A new system designed to tackle fraud in online shopping has been delayed for 18 months. Banks and retailers had been expected to introduce a new layer of security from mid-September that would normally see a passcode sent to a customer’s mobile phone at the point of checkout for online purchases of £28 or more. However, following pressure from the industry, the Financial Conduct Authority (FCA) has agreed on a plan that gives the payments and e-commerce industry extra time to implement Strong Customer Authentication (SCA).

From 14th September 2019, the new European Union (EU) rules will start to apply that impact the way in which banks or payment services providers verify their customer’s identity and validate specific payment instructions. The new rules, called Strong Customer Authentication (SCA), are intended to enhance the security of payments and limit fraud during this authentication process.

The FCA has agreed on an 18-month plan to implement SCA with the e-commerce industry of card issuers, payments firm and online retailers. The plan reflects the recent opinion of the European Banking Authority (EBA) which set out that more time was needed to implement SCA given the complexity of the requirements, a lack of preparedness and the potential for a significant impact on consumers.

Jonathan Davidson, Executive Director for Supervision – Retail and Authorisations, said “The FCA has been working with the industry to put in place stronger means of ensuring that anyone seeking to make payments is not a fraudster. While these measures will reduce fraud, we want to make sure that they won’t cause material disruption to consumers themselves; so we have agreed a phased plan for their timely introduction.

“The FCA will not take enforcement action against firms if they do not meet the relevant requirements for SCA from 14 September 2019 in areas covered by the agreed plan, where there is evidence that they have taken the necessary steps to comply with the plan. At the end of the 18-month period, the FCA expects all firms to have made the necessary changes and undertaken the required testing to apply SCA.”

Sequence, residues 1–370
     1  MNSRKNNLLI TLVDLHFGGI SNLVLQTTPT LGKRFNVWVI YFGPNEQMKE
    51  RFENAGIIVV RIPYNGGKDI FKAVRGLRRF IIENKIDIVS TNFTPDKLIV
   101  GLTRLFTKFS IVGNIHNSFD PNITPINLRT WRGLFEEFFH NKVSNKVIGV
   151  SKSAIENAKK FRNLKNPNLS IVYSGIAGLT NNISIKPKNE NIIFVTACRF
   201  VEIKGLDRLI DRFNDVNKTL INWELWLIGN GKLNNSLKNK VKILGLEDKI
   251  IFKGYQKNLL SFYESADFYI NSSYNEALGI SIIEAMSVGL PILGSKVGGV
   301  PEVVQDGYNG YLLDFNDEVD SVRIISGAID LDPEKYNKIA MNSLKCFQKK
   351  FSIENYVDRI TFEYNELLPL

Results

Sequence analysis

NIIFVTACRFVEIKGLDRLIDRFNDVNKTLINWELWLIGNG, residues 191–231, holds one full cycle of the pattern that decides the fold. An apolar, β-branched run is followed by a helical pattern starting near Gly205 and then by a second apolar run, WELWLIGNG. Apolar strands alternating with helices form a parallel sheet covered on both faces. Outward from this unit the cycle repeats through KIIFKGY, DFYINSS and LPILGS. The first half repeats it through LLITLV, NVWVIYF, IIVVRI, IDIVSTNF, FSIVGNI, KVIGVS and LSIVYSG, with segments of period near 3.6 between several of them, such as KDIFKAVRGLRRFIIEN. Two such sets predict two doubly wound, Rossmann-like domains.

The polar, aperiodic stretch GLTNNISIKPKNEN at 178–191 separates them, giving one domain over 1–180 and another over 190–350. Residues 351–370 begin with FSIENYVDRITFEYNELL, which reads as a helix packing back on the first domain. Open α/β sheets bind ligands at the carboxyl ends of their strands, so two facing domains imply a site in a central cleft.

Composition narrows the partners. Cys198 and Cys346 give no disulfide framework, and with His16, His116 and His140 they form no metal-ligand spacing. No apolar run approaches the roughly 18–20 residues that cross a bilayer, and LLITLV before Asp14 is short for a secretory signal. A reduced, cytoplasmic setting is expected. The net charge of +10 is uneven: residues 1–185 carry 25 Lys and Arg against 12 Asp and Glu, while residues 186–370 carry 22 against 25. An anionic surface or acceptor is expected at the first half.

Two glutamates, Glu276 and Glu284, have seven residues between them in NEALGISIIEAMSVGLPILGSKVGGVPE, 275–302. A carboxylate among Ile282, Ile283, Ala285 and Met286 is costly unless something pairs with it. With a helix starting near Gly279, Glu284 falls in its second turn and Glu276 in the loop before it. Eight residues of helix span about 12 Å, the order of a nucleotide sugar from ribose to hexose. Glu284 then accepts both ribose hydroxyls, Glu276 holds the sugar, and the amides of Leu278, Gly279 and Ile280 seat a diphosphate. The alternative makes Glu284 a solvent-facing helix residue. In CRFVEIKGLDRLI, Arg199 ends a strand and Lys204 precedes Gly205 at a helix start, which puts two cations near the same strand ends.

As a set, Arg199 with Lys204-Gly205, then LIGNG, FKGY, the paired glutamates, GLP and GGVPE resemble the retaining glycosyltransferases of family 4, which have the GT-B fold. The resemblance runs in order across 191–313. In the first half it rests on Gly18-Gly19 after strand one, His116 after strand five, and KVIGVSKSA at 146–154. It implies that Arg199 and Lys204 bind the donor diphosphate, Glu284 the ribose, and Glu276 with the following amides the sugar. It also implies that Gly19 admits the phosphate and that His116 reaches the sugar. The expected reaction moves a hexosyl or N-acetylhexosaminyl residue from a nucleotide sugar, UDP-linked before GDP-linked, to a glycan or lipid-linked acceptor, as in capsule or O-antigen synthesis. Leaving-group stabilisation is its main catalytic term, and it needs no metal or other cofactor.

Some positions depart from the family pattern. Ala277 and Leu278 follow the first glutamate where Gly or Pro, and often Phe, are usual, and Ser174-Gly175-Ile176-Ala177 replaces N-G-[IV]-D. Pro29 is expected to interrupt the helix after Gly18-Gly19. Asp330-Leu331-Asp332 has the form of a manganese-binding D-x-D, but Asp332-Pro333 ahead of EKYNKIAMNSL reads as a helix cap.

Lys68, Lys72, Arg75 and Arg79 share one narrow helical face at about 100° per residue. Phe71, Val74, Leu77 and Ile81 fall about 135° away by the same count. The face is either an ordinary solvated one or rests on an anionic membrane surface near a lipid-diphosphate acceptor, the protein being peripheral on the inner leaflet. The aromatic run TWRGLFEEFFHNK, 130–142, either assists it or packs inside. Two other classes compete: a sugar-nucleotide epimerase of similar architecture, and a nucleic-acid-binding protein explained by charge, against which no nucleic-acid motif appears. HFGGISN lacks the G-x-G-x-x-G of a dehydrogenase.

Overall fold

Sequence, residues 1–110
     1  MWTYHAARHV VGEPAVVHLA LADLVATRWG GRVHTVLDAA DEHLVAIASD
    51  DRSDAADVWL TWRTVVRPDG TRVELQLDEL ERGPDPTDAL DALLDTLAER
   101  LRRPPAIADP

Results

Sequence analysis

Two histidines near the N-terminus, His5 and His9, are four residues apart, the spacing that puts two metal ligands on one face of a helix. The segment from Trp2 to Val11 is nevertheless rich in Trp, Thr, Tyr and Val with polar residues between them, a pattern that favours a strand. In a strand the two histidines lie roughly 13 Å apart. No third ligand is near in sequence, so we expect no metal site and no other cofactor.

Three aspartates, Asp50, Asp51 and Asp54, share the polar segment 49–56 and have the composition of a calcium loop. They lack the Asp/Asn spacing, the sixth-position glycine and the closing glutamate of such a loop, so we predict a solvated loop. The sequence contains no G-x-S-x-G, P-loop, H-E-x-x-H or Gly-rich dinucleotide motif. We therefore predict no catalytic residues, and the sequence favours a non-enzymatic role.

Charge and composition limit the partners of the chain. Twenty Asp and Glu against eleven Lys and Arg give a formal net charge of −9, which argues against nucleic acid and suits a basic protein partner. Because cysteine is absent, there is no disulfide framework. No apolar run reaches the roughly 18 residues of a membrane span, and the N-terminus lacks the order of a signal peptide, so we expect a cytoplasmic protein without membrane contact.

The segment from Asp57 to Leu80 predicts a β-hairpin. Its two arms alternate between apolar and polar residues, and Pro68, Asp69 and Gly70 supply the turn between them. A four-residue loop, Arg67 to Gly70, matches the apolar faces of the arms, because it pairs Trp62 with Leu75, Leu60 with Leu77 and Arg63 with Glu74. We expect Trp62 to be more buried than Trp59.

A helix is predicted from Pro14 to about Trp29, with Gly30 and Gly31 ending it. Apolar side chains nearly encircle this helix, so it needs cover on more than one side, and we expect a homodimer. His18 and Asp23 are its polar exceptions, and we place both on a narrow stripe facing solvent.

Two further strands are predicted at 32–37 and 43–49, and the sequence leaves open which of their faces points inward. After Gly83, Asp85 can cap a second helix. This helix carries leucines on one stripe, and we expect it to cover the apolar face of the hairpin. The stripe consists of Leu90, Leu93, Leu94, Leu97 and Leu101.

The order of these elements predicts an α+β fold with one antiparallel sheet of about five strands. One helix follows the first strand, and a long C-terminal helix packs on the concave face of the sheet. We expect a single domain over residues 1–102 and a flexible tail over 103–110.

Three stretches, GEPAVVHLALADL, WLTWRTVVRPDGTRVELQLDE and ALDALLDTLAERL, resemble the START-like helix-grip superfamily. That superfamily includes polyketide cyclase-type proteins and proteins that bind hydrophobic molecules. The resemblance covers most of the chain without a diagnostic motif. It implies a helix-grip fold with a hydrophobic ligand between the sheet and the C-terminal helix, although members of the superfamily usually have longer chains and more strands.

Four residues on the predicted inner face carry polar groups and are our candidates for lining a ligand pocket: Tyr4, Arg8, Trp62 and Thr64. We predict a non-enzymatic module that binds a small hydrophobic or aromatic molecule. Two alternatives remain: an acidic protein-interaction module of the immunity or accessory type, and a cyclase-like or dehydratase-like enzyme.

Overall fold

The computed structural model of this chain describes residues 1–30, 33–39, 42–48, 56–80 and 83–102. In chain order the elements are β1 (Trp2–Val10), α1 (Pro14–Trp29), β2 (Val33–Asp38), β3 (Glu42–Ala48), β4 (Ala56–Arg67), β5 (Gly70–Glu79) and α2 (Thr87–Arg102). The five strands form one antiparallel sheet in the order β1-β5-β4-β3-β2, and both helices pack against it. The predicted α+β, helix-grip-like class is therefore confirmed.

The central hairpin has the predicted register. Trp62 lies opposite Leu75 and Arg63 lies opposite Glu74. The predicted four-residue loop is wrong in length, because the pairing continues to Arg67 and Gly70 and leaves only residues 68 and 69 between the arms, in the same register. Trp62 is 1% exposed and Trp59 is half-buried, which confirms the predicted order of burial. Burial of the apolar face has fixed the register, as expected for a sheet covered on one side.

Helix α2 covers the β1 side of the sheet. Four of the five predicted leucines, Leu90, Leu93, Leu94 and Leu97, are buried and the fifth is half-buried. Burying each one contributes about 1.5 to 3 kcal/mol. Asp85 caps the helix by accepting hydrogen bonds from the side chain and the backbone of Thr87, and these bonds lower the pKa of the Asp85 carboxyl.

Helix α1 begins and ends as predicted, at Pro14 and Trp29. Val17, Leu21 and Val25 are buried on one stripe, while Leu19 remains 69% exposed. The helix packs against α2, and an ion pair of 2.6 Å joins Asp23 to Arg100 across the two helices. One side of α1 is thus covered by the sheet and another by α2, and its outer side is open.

The FCA will also continue to monitor the extent to which banks and payment service providers are meeting its expectation that they consider the impact of SCA on different groups of consumers, and provide alternative means of authentication where needed.

Responding to the announcement, Eric Leenders, Managing Director of Personal Finance, UK Finance, said “Fighting fraud must be a priority for everyone and these new rules will be an important tool in protecting customers, helping keep them safe when they shop online. Today’s FCA plan, which supports our proposals for a managed rollout, will help the industry ensure a timely migration to SCA and result in the best outcomes for consumers while effectively balancing both convenience and security.”

“The banking and finance industry has worked closely with the FCA, retailer groups and other stakeholders to deliver these required changes in a way that minimises any disruption for consumers and businesses. We want to ensure that the convenience of making an online payment is balanced with these increased security standards.”

“We expect that providers will have appropriate solutions in place to allow their customers to authenticate themselves. This could mean your bank or provider using a text message, phone call, banking app or card reader to check your identity. Other methods are available and more are being developed that will make it even easier to shop more safely online in the future, including biometric technologies that could allow customers to be identified with something as simple as a thumbprint.”